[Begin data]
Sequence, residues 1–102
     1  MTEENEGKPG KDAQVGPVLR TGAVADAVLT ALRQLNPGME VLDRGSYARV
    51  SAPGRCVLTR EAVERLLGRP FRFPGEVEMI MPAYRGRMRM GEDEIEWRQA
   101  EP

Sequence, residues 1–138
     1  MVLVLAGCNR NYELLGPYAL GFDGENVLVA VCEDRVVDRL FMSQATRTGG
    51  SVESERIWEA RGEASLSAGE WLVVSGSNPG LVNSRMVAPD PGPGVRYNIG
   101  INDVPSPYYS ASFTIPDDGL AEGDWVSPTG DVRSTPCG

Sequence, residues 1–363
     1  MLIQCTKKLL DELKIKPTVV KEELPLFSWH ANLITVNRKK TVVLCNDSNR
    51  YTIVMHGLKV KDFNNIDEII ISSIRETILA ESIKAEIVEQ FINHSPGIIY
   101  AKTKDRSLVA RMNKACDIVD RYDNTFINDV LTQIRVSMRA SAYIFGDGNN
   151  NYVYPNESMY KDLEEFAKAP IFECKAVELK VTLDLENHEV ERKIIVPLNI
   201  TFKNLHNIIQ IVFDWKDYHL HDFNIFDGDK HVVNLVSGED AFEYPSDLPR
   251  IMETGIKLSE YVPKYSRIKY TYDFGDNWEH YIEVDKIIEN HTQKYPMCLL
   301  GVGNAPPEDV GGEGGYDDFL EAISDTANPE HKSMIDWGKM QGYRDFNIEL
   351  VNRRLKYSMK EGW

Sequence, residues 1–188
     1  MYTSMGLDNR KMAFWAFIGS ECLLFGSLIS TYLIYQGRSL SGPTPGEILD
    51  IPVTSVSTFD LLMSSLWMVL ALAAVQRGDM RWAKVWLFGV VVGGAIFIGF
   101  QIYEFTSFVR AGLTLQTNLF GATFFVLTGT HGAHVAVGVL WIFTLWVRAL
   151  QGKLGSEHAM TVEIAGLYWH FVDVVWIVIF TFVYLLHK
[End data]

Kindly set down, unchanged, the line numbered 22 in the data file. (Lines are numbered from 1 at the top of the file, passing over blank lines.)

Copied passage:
   151  QGKLGSEHAM TVEIAGLYWH FVDVVWIVIF TFVYLLHK